Rise of radicalism in Hong Kong
Frank Ching says splits in the pan-democratic camp have led to the rise of radicalism, and moderates need to regain their lost ground
The turnout for Sunday's Legislative Council election was much bigger than in 2008, but the big-picture outcome was almost identical. The pan-democrats won 27 of 70 seats, versus 23 of 60 seats in 2008. With more than a third of the seats, they keep their veto of major constitutional changes.
The two biggest pan-democratic parties - the Democratic and Civic parties - won a total of 502,227 votes, while the Democratic Alliance for the Betterment and Progress of Hong Kong received 366,160 votes, yet the two democratic parties combined gained only 12 seats compared to 13 for the DAB. This reflected strategic allocation of votes by the pro-Beijing party.
By contrast, the democrats looked like novices. For example, in New Territories West, with nine seats up for grabs, the Democratic Party failed to win a single one. It fielded two lists, one headed by former chairman Lee Wing-tat and the other by his wife, Josephine Chan Shu-ying. Lee came closest, with 32,792 votes - fewer than 1,000 short of victory. Such setbacks were largely attributable to the proportional representation system used in Hong Kong.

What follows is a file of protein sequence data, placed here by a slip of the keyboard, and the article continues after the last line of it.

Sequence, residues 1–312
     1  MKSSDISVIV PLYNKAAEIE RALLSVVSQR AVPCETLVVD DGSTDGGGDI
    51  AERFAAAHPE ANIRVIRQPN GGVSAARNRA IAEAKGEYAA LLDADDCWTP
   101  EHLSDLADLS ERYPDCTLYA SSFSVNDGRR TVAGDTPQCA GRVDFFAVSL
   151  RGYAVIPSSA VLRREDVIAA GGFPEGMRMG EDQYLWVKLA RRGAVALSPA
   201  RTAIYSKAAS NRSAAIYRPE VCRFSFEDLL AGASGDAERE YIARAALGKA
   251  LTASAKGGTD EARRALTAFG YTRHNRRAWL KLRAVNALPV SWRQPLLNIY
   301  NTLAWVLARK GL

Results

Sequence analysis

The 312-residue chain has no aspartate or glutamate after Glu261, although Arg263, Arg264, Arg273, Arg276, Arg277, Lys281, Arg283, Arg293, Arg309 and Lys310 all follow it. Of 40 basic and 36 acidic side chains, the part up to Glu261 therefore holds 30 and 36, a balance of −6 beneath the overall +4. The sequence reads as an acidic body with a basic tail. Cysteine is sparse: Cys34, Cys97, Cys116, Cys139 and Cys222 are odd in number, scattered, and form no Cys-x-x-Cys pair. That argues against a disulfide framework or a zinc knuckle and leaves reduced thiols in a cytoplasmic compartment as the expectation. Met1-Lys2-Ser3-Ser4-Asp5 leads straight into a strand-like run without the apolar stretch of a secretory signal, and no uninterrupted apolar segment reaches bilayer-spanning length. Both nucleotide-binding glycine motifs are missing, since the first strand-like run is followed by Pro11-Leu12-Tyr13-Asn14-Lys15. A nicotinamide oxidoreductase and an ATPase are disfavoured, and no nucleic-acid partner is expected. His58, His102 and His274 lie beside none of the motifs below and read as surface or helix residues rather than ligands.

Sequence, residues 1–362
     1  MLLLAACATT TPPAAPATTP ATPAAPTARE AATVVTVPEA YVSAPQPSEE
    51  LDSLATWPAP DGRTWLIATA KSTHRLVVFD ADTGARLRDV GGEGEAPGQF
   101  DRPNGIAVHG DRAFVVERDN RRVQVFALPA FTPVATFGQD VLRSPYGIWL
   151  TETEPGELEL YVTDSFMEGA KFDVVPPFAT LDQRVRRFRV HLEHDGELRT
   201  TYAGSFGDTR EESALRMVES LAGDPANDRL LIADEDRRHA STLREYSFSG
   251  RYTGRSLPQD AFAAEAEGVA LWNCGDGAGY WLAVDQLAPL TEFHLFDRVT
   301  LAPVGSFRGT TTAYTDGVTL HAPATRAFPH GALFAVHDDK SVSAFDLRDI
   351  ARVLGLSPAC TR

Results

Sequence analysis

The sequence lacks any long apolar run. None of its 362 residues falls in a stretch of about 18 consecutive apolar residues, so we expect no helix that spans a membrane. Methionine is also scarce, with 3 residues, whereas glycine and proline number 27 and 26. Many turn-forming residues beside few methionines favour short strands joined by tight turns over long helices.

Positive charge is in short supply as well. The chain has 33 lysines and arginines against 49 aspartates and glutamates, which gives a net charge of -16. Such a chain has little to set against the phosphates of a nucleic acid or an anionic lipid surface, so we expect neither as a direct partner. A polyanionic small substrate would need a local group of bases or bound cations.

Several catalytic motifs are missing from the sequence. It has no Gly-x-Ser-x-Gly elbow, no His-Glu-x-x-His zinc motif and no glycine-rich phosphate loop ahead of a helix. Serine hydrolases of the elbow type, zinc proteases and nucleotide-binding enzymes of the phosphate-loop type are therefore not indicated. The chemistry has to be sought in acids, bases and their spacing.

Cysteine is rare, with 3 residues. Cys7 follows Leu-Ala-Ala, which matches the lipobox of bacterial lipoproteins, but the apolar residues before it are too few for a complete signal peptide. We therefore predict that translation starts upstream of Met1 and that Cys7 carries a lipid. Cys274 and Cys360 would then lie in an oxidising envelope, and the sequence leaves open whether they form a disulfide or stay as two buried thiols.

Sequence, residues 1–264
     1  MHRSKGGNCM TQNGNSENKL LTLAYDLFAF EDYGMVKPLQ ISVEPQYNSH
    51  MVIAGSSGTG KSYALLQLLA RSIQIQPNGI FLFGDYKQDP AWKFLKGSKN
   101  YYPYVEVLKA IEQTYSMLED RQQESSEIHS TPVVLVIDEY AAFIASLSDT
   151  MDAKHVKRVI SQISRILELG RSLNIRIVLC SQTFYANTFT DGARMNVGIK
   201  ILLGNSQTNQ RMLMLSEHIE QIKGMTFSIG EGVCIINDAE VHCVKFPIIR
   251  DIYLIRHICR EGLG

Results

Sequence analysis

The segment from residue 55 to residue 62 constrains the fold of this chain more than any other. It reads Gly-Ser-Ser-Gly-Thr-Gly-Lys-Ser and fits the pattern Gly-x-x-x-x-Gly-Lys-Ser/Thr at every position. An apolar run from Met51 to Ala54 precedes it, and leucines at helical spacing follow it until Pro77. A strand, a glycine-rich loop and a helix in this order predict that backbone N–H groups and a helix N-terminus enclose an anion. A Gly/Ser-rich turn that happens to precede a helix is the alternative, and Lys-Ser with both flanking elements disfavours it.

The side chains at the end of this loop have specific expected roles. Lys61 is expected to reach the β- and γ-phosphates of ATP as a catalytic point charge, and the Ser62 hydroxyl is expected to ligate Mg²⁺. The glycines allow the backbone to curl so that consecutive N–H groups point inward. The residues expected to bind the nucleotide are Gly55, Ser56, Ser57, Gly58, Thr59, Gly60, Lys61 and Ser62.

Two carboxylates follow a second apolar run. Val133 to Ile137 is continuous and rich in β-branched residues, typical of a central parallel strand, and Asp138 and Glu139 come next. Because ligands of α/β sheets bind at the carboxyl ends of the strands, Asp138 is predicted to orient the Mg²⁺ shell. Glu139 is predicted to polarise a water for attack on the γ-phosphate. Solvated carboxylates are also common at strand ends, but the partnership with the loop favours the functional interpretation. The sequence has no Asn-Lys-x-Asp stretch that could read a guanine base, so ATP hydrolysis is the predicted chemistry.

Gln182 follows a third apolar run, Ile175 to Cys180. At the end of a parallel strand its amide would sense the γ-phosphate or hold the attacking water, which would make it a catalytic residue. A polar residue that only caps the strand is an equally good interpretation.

While pan-democrats still enjoy majority support in the geographical constituencies, they face a clear downward trend. With the single exception of Hong Kong Island, their support this year fell compared to 2008. And, in 2008, support dropped across the board except for in New Territories West.
The best indicator of voter sentiment was in the "super seat" election, where all of Hong Kong was treated as one constituency. There, the pan-democrats got slightly more than half the votes and were lucky to win three of the five seats. In the geographical constituencies, they won only 18 seats, compared with 17 for the pro-establishment camp.
Part of the problem with Hong Kong's electoral system is that it rewards small parties. This has led to the fracturing of the Democratic Party, once the biggest. Today, there are groups such as the Labour Party, People Power and the NeoDemocrats, the last of which has but a single seat in Legco.
Along with small parties has come the rise in radicalism. In this election, radicals have increased their number from three to five, with consequences that can be imagined whenever Chief Executive Leung Chun-ying appears on the scene.
The two trends - the decline in support for democrats and the rise of radicalism - are related. The more radical the democrats become, the more moderate voters they will lose. And, as they lose moderate support, radicals will form an increasingly larger part of their base. This does not bode well for their future. More moderate democrats, especially the three who won "super seats", should assert their influence in Legco.
In fact, the radicals called for a boycott of the "super seat" election. The fact that more than 1.5 million people cast their votes is a repudiation of the proposal. Moderate democrats should use their influence to make sure their programme - and their identity - is not hijacked by radicals who, in the long run, are not good for democracy.
Frank Ching is a Hong Kong-based writer and commentator. email@example.com. Follow him on Twitter: @FrankChing1